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Nashville District seeks public input for revision of 1998 Wolf Creek Dam and Lake Cumberland Water Control Manual

U.S. Army Corps of Engineers Nashville District
Published April 15, 2024
This is a map showing the vicinity of Lake Cumberland and Wolf Creek Dam on the Cumberland River in Kentucky.

This is a map showing the vicinity of Lake Cumberland and Wolf Creek Dam on the Cumberland River in Kentucky.

To All Interested Parties: The U.S. Army Corps of Engineers, Nashville District (USACE), is initiating scoping under the National Environmental Policy Act (NEPA) to evaluate potential impacts of the proposed revision of the 1998 Wolf Creek Dam and Lake Cumberland Water Control Manual (WCM). The Wolf Creek WCM comprises pertinent project data, background information, the plan for day-to-day and emergency water management, and the effects of the plan on authorized project purposes.

Wolf Creek Dam is located at Mile 460.90 on the Cumberland River about 10 miles southwest of Jamestown, Kentucky. Lake Cumberland Reservoir is located in Clinton, Laurel, McCreary, Pulaski, Russell, Wayne, and Whitley Counties in Kentucky. The Reservoir is one of four major flood risk management reservoirs within the Cumberland River Basin; the others being J. Percy Priest Reservoir, Dale Hollow Reservoir, and Center Hill Reservoir. Wolf Creek Dam was authorized for flood control in 1938 and hydropower in 1946. Construction was completed in 1952. After construction, Congress authorized additional project purposes for all USACE projects including recreation, water supply, fish and wildlife conservation, and water quality.

Visitors to Wolf Creek Dam and Lake Cumberland have diverse interests such as camping, bird watching, sightseeing, fishing, and paddling. Lake Cumberland Reservoir is consistently one of the top fifty most-visited Corps of Engineers’ reservoirs in the nation, receiving over one million visitors per year.

The WCM ensures unbiased operations and informs the public of mission priorities. The purpose of the proposed action is to update the Wolf Creek Dam and Lake Cumberland WCM to include current project operations under the existing congressional authorizations. The WCM update would address factors such as changes in basin hydrology, new and rehabilitated structural features, and environmental considerations. The updated WCM would also contain records of institutional knowledge to prevent the loss of operational expertise and updates of Corps terms and definitions that have changed since the manual was last updated.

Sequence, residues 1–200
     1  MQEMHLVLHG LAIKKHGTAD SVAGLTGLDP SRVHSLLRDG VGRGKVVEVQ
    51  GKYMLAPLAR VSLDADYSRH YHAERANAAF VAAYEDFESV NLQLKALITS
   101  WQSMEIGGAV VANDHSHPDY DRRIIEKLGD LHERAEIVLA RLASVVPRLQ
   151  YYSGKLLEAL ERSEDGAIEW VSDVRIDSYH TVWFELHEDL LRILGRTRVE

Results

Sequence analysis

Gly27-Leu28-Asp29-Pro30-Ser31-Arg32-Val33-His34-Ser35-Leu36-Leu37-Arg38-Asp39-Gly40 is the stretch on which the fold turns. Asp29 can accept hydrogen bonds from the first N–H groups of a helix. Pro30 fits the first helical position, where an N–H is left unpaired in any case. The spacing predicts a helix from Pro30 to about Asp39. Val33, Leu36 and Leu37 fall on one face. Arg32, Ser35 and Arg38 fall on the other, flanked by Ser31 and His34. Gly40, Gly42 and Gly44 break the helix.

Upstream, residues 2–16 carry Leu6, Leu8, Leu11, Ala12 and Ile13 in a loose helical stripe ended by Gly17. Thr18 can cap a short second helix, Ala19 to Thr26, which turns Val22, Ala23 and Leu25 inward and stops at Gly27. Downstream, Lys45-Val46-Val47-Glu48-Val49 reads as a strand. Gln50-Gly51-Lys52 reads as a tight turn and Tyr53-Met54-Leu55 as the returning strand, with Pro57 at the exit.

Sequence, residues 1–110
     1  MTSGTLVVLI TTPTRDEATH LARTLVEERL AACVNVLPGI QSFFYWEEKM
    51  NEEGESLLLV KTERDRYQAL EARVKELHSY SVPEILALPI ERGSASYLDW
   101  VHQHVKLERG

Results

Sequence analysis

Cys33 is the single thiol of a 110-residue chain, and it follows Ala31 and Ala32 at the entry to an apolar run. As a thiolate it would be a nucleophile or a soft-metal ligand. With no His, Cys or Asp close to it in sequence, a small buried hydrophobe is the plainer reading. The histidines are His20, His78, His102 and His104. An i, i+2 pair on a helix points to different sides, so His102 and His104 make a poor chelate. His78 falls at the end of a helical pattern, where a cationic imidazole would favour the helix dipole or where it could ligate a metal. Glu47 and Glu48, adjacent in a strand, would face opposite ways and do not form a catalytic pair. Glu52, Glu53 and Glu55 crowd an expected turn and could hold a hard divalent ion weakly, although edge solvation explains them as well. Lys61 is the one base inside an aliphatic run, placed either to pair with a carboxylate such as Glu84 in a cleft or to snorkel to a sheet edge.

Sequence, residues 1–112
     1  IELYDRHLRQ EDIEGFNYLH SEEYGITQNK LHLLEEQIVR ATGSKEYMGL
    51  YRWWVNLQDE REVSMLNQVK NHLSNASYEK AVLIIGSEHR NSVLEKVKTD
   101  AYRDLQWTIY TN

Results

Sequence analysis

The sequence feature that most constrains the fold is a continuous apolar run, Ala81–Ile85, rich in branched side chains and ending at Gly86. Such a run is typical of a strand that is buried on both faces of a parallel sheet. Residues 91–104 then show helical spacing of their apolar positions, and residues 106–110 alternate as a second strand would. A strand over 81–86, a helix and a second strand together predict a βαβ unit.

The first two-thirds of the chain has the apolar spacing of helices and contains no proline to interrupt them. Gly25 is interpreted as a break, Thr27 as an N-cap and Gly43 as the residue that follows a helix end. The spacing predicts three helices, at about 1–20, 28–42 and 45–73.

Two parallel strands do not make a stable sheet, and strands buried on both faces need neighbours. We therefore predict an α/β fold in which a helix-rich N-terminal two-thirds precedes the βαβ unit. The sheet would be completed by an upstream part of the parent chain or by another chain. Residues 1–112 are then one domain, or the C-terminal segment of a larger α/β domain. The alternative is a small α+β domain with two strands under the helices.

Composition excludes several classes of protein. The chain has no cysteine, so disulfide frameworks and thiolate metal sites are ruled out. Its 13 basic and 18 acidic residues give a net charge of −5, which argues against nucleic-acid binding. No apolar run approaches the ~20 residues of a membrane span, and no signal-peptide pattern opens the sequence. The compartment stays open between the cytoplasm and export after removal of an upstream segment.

Below are some current operations the Corps is considering updating:
• Hydropower Ramp Rates – This rate describes the number of generating units that could be turned on or off over a certain amount of time. The 1998 WCM allows for three units per hour up or down.
• Sluice and Orifice Gate Operation – The sluice and orifice gates release highly oxygenated water from the reservoir to the tailwater. The sluice gates sit at the base of the dam and are operated manually. The orifice gates are perforated steel plates that are placed over two of the sluice gate openings to limit flow from approximately 1500 to approximately 250 cubic feet per second (CFS). Both sluice and orifice gates can improve dissolved oxygen downstream when water quality is degraded due to warm summer temperatures. The 1998 Water Control Manual does not address the discharge of water that would bypass hydropower turbines except for in times of flood risk management.
• Dissolved Oxygen (DO) Diffusor System – A newly constructed dissolved oxygen DO diffusor system is set to be completed in 2026. It is designed to improve the water quality of turbine releases, thereby reducing the need to release water through the orifice and sluice gates.

The Corps of Engineers' goal is to gather input from all stakeholders and best balance all the reservoir’s authorized project purposes. The Corps of Engineers will evaluate input submitted to determine the proper NEPA class of action (categorical exclusion, environmental assessment, or environmental impact statement). This letter serves to solicit scoping comments from the public, federal, state, local agencies and officials, and other interested parties in order to consider and evaluate the impacts of this proposed activity as part of the Corps’ planning process and in accordance with the NEPA process. We encourage comments not only about resources in the immediate project area, but also of plans or proposals for any other development that may impact or influence project resources. Comments are used to assess impacts on the human environment.

Comments may be sent by email to corpslrnplanningpubliccom@usace.army.mil, no later than thirty calendar days from the date of this letter. If you are unable to access an email account, you may send written comments to U.S. Army Corps of Engineers Nashville District, 110 9th Avenue South, Room A405, Nashville, TN, 37203-3852, ATTN: CELRN-PMP (Brad Potts). For additional information regarding the proposed project, please contact Mr. Potts at (931)-310-2596. Your participation is greatly appreciated.

Sincerely,

Valerie McCormack, Ph.D.
Chief, Project Planning Branch